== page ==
I’ve long been a sucker for plants with showy foliage, often falling for their pretty leaves without careful consideration of their sometimes less-than-attractive habits. I don’t much mind plants that produce lots of seedlings; if they’re truly gorgeous, having to snip off the spent flowers or weed out excess offspring seems a fair trade.
Plants that sneak around by creeping roots or stems are another matter. They look all cute and innocent for the first year or two; then suddenly, they’re popping up everywhere and generally making a nuisance of themselves. If I suspect or know for sure that a plant is likely to be a creeper, I’ve learned to trial it in a pot first.
If you try this yourself, keep in mind that creeping plants can be very persistent in their quest to get into the ground and spread far and wide. I strongly suggest setting potted spreaders on a saucer, directly on a solid surface (such as a concrete slab), or on an elevated surface (such as a deck or steps), so the roots can’t sneak out of the drainage holes. Also watch out for creeping stems that trail over the sides of the pot, because they too may take root if they touch the soil. Keeping the pot on a hard surface helps here as well; using a hanging basket, window box, or raised planter is another option.
Here are three out-of-the-ordinary creeping variegates that I’ve had good luck with as container plants over the years.
Variegated Water Celery (Oenanthe javanica ‘Flamingo’)
I remember this plant being briefly popular back in the ’90s; then it almost disappeared from the trade for a while — perhaps because it terrified gardeners with its propensity to spread when let loose in good garden soil. By luck, I first tried it in a window box; it did crowd out everything else, but it was very pretty. When I found it again, I gave it a container by itself, and it made a great show there, forming a dense, pot-filling, 6- to 8-inch-tall clump of lacy, light green-and-white foliage that’s blushed with pink when the weather gets cool.
Clusters of tiny white flowers may appear in summer, but they’re not nearly as showy as the leaves. Full sun to partial shade is fine. As you may guess from the name, variegated water celery is a great plant for container water gardens, but it also grows just fine in ordinary container mix with regular watering. In pots, it’s usually hardy in Zones 6 or 7 to 10. A few sources for ‘Flamingo’ include ForestFarm and Glasshouse Works.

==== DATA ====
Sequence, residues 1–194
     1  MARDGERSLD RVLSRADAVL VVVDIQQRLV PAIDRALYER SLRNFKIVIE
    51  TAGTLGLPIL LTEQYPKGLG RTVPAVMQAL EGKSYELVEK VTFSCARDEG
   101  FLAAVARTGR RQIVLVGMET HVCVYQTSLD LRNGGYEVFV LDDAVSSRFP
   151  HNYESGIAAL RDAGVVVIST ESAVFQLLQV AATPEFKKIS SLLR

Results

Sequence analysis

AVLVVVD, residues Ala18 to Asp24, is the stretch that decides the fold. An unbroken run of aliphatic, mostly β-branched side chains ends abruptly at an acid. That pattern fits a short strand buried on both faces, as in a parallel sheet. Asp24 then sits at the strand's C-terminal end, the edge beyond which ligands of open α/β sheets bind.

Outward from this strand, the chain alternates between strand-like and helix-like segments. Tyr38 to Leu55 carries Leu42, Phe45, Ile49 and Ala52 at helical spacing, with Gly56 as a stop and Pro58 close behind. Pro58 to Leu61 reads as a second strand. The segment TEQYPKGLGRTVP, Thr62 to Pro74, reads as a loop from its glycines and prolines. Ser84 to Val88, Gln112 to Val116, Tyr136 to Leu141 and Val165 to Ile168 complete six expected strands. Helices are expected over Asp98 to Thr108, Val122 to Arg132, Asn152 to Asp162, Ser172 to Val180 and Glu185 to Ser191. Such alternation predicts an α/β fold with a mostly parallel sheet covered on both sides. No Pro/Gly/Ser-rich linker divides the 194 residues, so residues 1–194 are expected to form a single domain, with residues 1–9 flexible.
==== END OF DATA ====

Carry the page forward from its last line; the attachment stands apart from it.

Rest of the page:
Variegated Water Pennywort (Hydrocotyle sibthorpioides ‘Crystal Confetti’)
This carpeting creeper grows just a few inches tall, making mats of scalloped green leaves thinly edged with cream to white (and sometimes with a light pink tinge too). In the garden, it hugs the ground and spreads rapidly where the stems touch the soil; in a planter or hanging basket, it makes a delicate-looking trailer for full sun to partial shade.
Like variegated water celery, variegated water pennywort is great for water gardens but also grows well in regular container mix as long as you don’t let it dry out completely. I’d guess the hardiness range would be Zones 7 or 8 to 10 in pots. ‘Crystal Confetti’ is available from Glasshouse Works (listed there as Hydrocotyle sieboldii ‘Crystal Confetti’) and The Water Garden Shop.
Dwarf Whitestripe Bamboo (Pleioblastus variegatus, a.k.a. P. fortunei)
Just the thought of planting bamboo makes many gardeners cringe, due to the plants’ reputation for being ultra-aggressive spreaders. Full-size bamboos can easily bust out of pots after several years, but dwarf types tend to have thinner roots, so they seem more amenable to long-term container culture.
Dwarf whitestripe bamboo is strikingly streaked with green and white, forming an elegant clump when contained by the walls of a pot or planter. If you prefer yellow-and-green markings, look for dwarf yellowstripe bamboo (Pleioblastus viridistriatus).
Both species can reach 3 to 4 feet tall in the ground but tend to be more compact (usually more like 18 inches tall once established) in a container. Give them full sun to partial shade with ordinary container mix. Hardiness is probably Zones 6 or 7 to 10 in pots, though the tops may die back in the colder parts of this range. Sources for both species include Tradewinds Bamboo Nursery, Bamboo Garden, and Tripple Brook Farm.